In one of the last scrimmages Rucker participated in, he got into a tussle with one of his teammates. “Burns,” he said, not recalling the first name. “He was giving it to me pretty good, the elbows, and finally I had enough and threw a punch.”

As it turned out, a player identified as Jack Burns — who did not make the team — was positioned alongside Rucker in the team photograph.

Over the years, Rucker said he had decided that race had little or nothing to do with the isolation he felt before Lapchick cut him on the eve of the first preseason game. “They probably all wondered what this 19-year-old kid was doing there, thinking he was going to take their job,” he said.

Lapchick did help him land with a team in the old Eastern League, where he made about $75 a month and got to play in a preliminary to a Knicks game at the Garden. Rucker persevered in minor league baseball through 1957 before settling into a 20-year career as a city police officer and detective.

He was delighted to receive the call and the photograph from the Knicks, finally able to prove to his wife, Edwina, his friends and especially his basketball-playing grandson in North Carolina that he was — unofficially and momentarily — the Knicks’ first black player. “He wants me to get him Carmelo Anthony’s autograph,” he said.

But Rucker said he was like most Knicks fans these days, enthralled by the guy who until recently was only marginally more famous than him. If he had to choose, he might opt for a signature from Lin, one pioneer to another.

By
Published: February 18, 2012

‘Lin-sanity’ Could Come to Rucker Park Tournament

HARLEM — After leading the Knicks to seven straight victories, appearing on the cover of Sports Illustrated and becoming an international media sensation, hoops star Jeremy Lin is being asked to bring “Lin-sanity” to Harlem’s iconic Rucker Park.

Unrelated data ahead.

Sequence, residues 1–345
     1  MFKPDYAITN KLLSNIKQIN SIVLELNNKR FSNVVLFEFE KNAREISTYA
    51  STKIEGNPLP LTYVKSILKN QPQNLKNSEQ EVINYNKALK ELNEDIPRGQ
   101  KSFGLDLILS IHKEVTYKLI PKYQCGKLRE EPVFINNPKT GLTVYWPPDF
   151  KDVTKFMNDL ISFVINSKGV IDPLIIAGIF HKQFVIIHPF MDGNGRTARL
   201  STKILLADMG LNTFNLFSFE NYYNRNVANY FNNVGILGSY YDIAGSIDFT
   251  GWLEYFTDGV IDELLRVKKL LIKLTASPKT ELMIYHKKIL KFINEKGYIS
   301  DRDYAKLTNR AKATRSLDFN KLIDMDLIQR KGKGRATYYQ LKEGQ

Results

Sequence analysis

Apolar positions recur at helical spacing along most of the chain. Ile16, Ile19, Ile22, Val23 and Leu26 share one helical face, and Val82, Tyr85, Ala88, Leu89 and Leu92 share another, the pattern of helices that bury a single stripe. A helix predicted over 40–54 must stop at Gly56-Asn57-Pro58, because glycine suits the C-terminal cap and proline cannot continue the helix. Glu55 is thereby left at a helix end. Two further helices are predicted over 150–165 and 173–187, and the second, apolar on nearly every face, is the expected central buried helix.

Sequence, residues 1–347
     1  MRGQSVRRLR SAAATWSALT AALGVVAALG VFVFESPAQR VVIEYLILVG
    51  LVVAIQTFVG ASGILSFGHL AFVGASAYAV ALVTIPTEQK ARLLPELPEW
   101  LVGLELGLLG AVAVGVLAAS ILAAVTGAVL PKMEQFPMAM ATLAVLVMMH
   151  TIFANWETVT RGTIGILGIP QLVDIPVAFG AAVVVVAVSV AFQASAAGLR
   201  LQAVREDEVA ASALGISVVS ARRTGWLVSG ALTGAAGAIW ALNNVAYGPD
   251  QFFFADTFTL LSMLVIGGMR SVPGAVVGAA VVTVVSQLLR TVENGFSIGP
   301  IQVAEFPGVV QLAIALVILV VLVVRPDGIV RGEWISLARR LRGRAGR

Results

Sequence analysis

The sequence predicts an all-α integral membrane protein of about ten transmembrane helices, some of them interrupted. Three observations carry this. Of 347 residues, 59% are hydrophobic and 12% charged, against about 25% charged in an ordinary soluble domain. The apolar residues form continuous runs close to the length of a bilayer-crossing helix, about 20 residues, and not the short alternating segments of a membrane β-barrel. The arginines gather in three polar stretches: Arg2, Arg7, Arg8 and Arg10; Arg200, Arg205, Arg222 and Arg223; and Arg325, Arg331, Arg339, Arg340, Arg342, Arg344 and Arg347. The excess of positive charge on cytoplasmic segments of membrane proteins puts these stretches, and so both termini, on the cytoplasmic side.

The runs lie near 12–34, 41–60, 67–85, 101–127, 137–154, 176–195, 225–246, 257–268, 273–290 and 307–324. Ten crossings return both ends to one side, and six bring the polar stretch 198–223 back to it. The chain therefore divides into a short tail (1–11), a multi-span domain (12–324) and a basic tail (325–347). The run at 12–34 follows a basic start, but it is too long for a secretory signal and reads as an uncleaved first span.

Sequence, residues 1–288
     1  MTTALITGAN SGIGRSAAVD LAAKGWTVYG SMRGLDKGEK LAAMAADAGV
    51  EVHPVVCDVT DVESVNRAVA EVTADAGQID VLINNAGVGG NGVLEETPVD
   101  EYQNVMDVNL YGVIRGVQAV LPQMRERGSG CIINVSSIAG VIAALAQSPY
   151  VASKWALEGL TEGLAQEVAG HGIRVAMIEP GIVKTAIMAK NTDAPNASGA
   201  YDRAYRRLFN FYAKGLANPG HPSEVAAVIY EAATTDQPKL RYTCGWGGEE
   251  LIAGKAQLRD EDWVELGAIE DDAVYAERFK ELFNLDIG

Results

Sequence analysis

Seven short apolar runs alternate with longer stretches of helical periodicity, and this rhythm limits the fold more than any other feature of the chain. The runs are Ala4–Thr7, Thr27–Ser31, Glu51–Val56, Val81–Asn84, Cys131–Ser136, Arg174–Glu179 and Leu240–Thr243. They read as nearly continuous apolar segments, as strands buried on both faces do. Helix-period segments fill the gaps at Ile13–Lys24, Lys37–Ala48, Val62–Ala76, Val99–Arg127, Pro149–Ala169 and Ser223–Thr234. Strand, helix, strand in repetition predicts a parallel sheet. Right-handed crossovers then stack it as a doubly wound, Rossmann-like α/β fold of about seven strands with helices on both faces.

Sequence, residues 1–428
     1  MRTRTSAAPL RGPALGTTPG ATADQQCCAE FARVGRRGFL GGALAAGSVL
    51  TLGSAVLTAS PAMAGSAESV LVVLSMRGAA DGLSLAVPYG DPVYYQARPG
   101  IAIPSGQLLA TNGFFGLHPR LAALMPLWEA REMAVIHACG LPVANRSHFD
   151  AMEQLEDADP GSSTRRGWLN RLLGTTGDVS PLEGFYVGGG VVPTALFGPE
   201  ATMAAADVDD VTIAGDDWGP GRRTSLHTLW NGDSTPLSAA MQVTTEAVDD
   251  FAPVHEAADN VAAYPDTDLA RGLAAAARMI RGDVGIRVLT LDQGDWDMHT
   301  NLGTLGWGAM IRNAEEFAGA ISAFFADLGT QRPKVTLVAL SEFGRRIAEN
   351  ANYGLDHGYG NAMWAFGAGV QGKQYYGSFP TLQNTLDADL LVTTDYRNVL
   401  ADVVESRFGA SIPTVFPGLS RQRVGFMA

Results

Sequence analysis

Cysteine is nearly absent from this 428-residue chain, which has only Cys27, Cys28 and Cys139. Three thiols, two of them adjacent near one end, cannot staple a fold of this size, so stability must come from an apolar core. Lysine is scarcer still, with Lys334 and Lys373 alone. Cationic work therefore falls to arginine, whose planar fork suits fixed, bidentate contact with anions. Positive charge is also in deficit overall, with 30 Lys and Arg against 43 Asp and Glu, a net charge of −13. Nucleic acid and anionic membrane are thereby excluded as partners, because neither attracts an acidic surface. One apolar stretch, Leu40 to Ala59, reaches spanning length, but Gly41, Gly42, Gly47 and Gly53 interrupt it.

That’s the dream of Greg Marius, CEO and founder of the Entertainer’s Basketball Classic, which has run the Rucker Tournament at 155th Street and Frederick Douglass Boulevard since 1986.

This past summer, NBA all-star Kevin Durant became the latest player to add to the court’s legend by scoring an eye-popping 66 points during a game there.

The park has hosted so many National Basketball Association and streetball legends that Community Board 10 is considering requesting that the site be made a landmark.

“We definitely need him to come. He’s magic,” Marius said of Lin, who is the first American of Chinese or Taiwanese descent to play in the NBA.

“There’s no color on the basketball court. If you can play on that court, you can play.”

After bouncing around the NBA and the developmental league, Lin landed at the end of the then-struggling Knicks’ bench before getting an opportunity to play earlier this month.